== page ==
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Google abandons plan to decrease Google Play Store tax in 2021 due to concerns about significant revenue decline

In a landmark antitrust case, a federal jury ruled that the Google Play Store had violated antitrust laws. The jury in Epic v. Google found that Google’s in-app payment processing platform and the process of distributing Android apps were run as monopolies. Epic sued Google after the game developer was removed from the Play Store, along with its popular Fortnite game, for promoting its own in-app payment processing system that violated Play Store rules.

According to a report by Bloomberg, Google contemplated changing the in-app payment processing platform, which took a 15% to 30% share of in-app revenue. This potential change, known as Project Everest, was revealed in documents released as part of the Epic v. Google antitrust suit. Google found itself in a difficult position, as it was concerned about regulatory overreach if it made no changes to the Play Store’s in-app payment processing platform. On the other hand, making changes to the platform could substantially impact the company’s revenue.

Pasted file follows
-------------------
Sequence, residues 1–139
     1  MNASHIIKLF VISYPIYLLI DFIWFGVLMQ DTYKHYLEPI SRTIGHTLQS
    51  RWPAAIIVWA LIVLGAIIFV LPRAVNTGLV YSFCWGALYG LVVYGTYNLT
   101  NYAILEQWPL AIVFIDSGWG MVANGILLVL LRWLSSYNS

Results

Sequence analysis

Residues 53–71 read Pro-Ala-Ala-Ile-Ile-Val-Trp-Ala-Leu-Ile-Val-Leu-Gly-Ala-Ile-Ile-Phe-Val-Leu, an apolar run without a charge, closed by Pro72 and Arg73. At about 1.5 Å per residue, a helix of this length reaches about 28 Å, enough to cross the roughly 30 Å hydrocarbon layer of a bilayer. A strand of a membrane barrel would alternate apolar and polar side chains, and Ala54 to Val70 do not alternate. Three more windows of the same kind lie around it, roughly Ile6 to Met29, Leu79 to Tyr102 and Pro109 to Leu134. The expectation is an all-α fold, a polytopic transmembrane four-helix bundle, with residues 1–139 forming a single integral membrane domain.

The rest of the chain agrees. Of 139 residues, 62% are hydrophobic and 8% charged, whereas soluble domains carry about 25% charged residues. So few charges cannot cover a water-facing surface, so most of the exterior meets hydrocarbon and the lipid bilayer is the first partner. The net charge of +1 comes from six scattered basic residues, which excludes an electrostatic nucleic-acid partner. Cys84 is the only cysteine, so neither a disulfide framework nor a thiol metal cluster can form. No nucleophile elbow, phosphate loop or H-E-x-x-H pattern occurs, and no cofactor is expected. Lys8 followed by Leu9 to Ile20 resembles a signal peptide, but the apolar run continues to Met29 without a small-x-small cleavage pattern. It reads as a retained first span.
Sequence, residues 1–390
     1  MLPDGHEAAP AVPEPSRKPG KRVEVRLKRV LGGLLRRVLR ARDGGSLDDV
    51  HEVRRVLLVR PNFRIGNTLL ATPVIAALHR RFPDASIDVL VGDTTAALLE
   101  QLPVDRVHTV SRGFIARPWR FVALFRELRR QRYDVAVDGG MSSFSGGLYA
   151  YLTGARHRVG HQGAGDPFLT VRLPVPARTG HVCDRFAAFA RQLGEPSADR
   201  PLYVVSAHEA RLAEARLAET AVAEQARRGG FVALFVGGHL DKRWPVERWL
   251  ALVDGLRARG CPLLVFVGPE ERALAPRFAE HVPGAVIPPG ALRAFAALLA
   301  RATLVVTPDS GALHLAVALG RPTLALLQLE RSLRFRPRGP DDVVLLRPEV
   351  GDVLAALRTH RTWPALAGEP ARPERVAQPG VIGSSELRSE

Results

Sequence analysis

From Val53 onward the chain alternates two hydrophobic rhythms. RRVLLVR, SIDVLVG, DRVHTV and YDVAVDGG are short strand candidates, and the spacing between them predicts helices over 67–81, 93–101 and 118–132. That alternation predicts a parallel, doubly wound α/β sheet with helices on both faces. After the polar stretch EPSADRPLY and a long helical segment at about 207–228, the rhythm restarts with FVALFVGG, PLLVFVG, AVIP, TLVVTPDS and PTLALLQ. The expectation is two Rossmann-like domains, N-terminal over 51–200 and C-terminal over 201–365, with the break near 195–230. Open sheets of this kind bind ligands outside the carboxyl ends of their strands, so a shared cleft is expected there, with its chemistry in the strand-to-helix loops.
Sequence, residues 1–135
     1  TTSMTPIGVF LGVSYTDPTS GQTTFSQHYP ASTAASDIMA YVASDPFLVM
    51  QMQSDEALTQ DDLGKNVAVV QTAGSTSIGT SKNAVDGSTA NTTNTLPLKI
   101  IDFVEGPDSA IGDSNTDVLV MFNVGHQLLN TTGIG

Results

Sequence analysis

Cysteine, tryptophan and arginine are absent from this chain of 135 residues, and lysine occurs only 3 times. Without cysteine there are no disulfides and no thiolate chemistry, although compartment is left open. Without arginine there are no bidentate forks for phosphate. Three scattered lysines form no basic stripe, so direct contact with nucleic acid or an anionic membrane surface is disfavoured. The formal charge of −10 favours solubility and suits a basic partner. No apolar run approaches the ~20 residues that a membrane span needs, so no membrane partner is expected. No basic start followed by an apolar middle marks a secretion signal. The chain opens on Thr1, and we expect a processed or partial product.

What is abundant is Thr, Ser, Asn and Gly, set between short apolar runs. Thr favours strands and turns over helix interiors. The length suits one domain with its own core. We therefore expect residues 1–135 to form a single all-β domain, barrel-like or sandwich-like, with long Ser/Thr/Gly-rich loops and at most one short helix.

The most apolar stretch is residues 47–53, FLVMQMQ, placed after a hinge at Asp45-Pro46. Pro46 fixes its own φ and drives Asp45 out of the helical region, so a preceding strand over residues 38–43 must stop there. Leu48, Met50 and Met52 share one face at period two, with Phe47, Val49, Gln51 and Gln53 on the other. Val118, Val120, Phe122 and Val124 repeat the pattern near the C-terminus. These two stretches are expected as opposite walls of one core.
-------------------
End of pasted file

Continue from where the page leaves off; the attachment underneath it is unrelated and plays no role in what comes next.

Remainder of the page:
Google employees considered the idea of having app developers handle in-app payment processing themselves in exchange for paying Google a lower fee. However, Google calculated that this option would reduce annual Play Store revenue by $250 million to $1.3 billion. Additionally, Google also announced the terms of a settlement made back in September with all 50 states, the District of Columbia, and two US territories for $700 million. From this settlement, Play Store customers will receive a minimum of $2 each.

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